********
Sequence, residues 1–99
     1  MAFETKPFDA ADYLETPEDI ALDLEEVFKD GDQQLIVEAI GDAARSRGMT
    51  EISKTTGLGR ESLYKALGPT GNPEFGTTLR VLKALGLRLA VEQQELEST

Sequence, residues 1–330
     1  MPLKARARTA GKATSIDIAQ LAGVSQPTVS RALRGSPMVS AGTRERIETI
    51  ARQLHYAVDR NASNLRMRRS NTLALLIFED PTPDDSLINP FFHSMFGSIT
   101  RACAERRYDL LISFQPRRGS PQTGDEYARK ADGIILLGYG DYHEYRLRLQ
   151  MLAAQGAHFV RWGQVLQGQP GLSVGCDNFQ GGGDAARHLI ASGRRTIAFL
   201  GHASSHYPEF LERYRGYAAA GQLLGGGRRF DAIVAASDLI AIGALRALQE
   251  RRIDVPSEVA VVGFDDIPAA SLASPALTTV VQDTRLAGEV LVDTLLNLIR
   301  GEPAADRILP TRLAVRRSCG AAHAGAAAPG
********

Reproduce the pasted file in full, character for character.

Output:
Sequence, residues 1–99
     1  MAFETKPFDA ADYLETPEDI ALDLEEVFKD GDQQLIVEAI GDAARSRGMT
    51  EISKTTGLGR ESLYKALGPT GNPEFGTTLR VLKALGLRLA VEQQELEST

Sequence, residues 1–330
     1  MPLKARARTA GKATSIDIAQ LAGVSQPTVS RALRGSPMVS AGTRERIETI
    51  ARQLHYAVDR NASNLRMRRS NTLALLIFED PTPDDSLINP FFHSMFGSIT
   101  RACAERRYDL LISFQPRRGS PQTGDEYARK ADGIILLGYG DYHEYRLRLQ
   151  MLAAQGAHFV RWGQVLQGQP GLSVGCDNFQ GGGDAARHLI ASGRRTIAFL
   201  GHASSHYPEF LERYRGYAAA GQLLGGGRRF DAIVAASDLI AIGALRALQE
   251  RRIDVPSEVA VVGFDDIPAA SLASPALTTV VQDTRLAGEV LVDTLLNLIR
   301  GEPAADRILP TRLAVRRSCG AAHAGAAAPG